I did manual work for a number for a number of years. It is hard graft. The key is to get good project management (materials and physical plant delivery, for example) and to have enough workers on site to meet the targets. This means a budget that does not undercut project delivery (requiring overtime, for example- I see a little of that by Henry Boot but not much- hardly anybody around in the late afternoon, for the first year). Who knows what is going on here, but perhaps it is a bit like academic teaching, where we have too few people, stretched too thinly?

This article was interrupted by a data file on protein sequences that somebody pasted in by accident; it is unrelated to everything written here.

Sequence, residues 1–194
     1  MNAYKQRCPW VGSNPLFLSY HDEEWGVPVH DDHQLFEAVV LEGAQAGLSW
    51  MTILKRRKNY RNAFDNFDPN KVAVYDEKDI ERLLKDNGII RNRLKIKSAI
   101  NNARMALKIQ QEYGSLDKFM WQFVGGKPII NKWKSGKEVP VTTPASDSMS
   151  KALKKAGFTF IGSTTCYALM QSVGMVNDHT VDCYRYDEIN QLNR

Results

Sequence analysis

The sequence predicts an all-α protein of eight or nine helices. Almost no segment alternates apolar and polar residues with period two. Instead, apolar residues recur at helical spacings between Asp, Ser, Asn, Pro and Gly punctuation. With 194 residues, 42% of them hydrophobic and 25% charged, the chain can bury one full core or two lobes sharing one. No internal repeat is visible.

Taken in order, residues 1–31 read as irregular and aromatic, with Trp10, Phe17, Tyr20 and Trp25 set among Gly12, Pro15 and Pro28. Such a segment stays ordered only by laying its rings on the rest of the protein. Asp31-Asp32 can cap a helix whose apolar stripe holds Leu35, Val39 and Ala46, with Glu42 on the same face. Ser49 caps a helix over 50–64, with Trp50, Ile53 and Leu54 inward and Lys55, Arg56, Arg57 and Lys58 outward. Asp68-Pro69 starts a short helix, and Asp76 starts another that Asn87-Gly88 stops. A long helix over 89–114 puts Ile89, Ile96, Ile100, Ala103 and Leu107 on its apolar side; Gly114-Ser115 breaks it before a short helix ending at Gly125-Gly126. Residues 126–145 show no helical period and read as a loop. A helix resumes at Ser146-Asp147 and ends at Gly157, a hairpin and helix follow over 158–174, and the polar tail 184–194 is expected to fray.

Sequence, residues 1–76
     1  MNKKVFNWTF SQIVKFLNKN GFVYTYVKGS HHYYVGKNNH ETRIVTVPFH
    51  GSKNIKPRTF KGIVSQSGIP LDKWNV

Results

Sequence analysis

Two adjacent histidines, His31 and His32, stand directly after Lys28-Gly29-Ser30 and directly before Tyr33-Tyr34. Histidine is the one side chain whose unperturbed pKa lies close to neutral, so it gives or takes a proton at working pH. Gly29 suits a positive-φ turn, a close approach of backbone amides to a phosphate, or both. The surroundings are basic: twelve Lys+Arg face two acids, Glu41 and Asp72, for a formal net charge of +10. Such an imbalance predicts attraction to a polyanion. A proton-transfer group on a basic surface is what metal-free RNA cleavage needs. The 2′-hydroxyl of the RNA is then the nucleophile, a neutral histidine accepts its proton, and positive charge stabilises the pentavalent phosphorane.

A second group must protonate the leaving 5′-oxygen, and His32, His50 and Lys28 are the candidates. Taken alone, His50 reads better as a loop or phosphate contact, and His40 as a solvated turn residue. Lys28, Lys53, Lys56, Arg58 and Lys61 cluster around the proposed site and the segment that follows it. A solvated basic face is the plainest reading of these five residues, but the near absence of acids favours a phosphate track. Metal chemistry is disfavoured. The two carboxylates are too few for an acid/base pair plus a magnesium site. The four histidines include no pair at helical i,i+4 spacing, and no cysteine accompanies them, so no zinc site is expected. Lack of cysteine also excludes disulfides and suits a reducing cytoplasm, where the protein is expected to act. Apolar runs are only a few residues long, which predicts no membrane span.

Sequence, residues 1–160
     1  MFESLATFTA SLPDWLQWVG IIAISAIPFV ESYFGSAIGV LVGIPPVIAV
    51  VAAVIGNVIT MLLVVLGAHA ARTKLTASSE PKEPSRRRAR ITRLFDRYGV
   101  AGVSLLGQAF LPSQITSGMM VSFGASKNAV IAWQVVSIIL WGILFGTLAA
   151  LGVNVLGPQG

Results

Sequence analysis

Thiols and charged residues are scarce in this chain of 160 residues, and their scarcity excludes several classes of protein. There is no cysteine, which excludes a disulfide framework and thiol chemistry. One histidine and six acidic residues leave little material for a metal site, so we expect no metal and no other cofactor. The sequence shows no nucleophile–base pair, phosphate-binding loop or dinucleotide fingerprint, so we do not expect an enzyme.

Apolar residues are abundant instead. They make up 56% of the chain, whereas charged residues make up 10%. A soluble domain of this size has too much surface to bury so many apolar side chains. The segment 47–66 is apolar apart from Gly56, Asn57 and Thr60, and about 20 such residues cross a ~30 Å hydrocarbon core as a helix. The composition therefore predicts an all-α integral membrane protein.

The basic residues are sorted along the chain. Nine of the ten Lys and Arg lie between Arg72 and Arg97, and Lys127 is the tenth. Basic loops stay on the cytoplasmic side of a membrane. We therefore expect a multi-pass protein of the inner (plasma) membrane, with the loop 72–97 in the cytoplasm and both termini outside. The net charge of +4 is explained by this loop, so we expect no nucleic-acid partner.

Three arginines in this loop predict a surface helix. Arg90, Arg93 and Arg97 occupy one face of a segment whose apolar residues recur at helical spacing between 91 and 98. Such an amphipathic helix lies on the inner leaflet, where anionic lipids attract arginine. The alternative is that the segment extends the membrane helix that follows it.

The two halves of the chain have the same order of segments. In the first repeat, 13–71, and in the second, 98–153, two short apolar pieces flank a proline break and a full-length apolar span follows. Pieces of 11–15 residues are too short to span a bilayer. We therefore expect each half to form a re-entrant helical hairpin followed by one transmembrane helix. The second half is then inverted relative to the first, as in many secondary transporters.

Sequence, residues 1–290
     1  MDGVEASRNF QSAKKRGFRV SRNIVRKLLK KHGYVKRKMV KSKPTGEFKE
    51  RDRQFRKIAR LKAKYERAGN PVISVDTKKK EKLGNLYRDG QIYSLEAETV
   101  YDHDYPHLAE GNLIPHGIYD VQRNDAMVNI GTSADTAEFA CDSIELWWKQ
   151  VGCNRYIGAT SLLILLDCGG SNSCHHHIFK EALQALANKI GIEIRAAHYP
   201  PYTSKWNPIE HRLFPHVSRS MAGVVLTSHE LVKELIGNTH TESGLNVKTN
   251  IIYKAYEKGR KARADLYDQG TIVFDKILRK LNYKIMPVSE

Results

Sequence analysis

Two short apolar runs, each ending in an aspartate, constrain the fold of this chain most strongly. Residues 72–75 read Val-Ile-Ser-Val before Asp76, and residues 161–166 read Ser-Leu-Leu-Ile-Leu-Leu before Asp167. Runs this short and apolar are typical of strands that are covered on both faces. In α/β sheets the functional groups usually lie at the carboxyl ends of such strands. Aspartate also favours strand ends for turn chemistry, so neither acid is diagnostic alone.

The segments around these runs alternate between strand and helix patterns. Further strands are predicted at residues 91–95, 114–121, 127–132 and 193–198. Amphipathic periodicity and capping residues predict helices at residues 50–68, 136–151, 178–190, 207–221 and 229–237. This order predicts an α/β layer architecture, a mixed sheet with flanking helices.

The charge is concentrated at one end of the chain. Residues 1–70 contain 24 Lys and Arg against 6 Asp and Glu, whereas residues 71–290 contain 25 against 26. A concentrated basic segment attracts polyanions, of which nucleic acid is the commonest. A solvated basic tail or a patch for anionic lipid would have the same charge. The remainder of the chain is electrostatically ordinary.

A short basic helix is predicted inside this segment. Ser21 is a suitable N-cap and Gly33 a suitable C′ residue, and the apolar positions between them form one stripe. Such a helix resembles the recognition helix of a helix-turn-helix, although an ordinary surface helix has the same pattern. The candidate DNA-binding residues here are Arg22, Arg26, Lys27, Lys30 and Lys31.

Any university managers reading this are going to hate me, but this project reminds me very much of Bent Flyvbjerg‘s work on project overruns (paper at academia with login needed). He works on analysing larger construction projects than this one, but the gist is that “front-end estimates of costs and benefits – used in the business cases, cost–benefit analyses, and social and environmental impact assessments that typically support decisions on projects – are commonly significantly different from actual ex post costs and benefits,” and they are “ Over budget, over time, over and over again“. There may be lessons for this rather smaller endeavour – plan for risks, threats, and human nature. And communicate and apologise. The webpage tells you what is going on, but never the latter (update – I noticed they started doing that after I wrote this).